Today, open science has become a politicised and contested space. The UNESCO 2021 recommendation envisions research infrastructures that are “organised and financed upon an essentially not-for-profit and long-term vision, which enhance open science practices and guarantee permanent and unrestricted access to all, to the largest extent possible”.

In May 2023, the European Council recommended that European member states “step up support” for the development of a not-for-profit publishing platform free to both authors and readers (so-called ‘diamond’ open access).

Several Horizon Europe funding projects – including DIAMAS and OPERAS – are working to build a high quality, sustainable and community-owned scholarly communication system, including institution-funded technological infrastructures and common standards for open access scholarly journals.

It is an ambitious vision that aims to redirect funder resources away from commercial publishers. The ideas are still embryonic. Scaling up a community-owned open source publishing infrastructure would need unprecedented political will and deep pockets, given that Elsevier alone spends billions each year on developing its communication technologies.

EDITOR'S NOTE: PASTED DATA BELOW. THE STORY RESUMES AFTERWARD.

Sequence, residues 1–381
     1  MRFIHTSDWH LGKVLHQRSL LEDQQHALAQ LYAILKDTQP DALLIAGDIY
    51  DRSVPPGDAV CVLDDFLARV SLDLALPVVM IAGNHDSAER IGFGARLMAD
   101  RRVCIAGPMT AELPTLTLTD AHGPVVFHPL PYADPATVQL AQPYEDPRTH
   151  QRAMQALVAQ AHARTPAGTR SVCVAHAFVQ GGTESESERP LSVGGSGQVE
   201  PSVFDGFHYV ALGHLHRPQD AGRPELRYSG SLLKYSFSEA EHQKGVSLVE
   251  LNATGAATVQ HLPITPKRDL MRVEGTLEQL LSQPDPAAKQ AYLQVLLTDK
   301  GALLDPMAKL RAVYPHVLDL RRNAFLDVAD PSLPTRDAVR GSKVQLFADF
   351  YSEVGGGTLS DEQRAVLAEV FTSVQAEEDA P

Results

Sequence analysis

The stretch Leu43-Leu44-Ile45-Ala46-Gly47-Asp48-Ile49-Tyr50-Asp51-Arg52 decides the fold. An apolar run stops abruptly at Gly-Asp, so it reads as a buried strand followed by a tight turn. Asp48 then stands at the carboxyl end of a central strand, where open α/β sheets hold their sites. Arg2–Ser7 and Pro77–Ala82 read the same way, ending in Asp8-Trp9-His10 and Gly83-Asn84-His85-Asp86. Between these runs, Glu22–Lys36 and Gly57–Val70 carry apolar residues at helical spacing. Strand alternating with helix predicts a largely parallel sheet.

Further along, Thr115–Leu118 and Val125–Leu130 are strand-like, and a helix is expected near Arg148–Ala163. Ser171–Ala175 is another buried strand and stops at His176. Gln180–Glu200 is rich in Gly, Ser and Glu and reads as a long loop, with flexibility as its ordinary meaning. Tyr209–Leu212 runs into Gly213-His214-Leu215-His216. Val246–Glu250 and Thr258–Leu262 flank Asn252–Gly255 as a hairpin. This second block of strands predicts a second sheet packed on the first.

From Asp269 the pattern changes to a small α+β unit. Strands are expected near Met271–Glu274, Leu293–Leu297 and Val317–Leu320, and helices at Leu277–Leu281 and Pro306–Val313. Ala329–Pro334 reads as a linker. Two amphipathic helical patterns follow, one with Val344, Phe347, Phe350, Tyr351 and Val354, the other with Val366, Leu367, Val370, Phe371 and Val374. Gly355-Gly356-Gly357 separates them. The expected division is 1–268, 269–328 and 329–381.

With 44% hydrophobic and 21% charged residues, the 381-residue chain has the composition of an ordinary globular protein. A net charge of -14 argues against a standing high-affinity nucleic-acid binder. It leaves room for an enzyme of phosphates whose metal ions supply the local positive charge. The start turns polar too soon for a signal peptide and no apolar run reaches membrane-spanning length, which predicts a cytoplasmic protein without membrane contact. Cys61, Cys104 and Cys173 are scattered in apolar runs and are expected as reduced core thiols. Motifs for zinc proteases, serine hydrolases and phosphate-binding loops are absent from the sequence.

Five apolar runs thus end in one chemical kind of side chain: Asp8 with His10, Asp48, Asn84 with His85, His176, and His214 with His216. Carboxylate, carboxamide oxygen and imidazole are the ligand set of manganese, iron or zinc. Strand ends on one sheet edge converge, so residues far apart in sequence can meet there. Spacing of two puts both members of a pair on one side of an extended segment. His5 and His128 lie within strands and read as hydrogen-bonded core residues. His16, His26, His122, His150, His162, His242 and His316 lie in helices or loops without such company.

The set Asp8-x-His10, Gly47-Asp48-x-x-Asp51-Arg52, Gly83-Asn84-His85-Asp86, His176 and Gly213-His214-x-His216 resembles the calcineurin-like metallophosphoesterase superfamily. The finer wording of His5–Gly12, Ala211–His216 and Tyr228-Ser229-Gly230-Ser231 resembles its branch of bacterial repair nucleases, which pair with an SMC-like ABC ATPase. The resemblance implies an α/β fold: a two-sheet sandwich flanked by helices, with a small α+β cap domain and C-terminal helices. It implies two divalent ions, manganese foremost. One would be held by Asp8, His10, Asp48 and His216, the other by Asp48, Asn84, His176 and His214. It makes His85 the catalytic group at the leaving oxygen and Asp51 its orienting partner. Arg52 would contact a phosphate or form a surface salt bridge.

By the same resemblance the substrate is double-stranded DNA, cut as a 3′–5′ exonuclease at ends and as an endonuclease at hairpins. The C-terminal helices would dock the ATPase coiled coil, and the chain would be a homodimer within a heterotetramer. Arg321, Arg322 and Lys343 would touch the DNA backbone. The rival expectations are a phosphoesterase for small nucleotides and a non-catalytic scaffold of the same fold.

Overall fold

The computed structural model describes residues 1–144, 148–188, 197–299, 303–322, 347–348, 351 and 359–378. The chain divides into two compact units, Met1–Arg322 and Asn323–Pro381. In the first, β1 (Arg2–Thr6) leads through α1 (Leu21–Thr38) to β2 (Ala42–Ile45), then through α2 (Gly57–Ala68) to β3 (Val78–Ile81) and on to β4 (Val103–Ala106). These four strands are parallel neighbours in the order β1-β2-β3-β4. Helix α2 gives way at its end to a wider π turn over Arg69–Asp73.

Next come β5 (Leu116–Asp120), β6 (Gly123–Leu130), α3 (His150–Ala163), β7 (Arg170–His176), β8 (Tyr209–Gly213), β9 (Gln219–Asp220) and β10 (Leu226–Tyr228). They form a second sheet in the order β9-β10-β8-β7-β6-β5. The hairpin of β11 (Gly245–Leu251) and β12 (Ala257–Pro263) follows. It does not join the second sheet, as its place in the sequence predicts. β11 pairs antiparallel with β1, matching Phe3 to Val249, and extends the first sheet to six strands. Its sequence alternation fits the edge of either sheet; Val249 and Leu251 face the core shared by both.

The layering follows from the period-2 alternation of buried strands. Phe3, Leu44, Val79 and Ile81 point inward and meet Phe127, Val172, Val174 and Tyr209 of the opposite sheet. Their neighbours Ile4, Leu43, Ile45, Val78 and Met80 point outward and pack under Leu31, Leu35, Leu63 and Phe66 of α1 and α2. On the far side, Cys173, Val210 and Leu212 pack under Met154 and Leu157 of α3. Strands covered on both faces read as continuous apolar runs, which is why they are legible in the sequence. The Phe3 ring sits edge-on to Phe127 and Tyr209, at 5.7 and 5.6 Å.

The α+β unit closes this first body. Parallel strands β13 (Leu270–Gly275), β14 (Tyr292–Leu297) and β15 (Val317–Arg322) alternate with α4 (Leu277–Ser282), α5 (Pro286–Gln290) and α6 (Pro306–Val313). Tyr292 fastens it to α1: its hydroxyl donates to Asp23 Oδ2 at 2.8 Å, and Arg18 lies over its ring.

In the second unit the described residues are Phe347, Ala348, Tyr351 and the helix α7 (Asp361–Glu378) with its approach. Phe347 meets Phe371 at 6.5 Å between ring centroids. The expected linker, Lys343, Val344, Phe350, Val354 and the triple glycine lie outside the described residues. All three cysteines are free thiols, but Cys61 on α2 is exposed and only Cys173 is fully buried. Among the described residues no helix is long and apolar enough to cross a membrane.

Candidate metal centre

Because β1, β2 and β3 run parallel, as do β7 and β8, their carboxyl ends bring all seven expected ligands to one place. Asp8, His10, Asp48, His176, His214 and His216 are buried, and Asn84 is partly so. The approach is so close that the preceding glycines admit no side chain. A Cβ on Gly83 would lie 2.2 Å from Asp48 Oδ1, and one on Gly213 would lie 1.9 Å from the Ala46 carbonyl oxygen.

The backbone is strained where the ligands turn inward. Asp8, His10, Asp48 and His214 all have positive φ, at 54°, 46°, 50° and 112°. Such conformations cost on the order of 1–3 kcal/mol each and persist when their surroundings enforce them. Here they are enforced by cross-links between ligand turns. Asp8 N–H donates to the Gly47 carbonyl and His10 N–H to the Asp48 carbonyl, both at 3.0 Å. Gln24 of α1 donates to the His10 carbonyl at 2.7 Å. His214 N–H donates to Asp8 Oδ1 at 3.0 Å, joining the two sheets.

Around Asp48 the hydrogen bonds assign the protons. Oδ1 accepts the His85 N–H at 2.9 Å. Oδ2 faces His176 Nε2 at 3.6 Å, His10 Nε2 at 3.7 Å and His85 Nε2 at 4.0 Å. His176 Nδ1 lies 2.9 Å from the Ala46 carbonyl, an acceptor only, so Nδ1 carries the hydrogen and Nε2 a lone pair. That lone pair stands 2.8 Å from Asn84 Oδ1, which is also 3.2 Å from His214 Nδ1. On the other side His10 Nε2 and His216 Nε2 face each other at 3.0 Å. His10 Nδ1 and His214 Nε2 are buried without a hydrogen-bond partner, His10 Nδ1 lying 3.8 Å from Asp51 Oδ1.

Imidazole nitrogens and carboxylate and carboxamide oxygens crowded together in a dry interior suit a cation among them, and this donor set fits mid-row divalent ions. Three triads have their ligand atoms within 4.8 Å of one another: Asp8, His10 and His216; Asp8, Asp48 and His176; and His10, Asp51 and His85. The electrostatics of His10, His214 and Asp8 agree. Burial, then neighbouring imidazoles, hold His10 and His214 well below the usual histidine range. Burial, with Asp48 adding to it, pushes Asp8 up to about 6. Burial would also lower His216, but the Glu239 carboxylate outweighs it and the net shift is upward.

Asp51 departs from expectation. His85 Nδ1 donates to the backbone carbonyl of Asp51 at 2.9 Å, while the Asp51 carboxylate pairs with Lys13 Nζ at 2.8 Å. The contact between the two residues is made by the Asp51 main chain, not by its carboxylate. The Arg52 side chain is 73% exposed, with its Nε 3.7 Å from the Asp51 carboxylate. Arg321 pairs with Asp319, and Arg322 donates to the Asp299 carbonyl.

If such a model is to work beyond well-resourced European universities, governments across the world will need to step up their funding for national and regional research and publishing infrastructures.

The underlying rationale is that equitable and sustainable community ownership promotes ‘bibliodiversity’: a diverse range of regional initiatives, publishing infrastructures, databases and knowledge ecosystems that support the needs and epistemic pluralism of different research communities.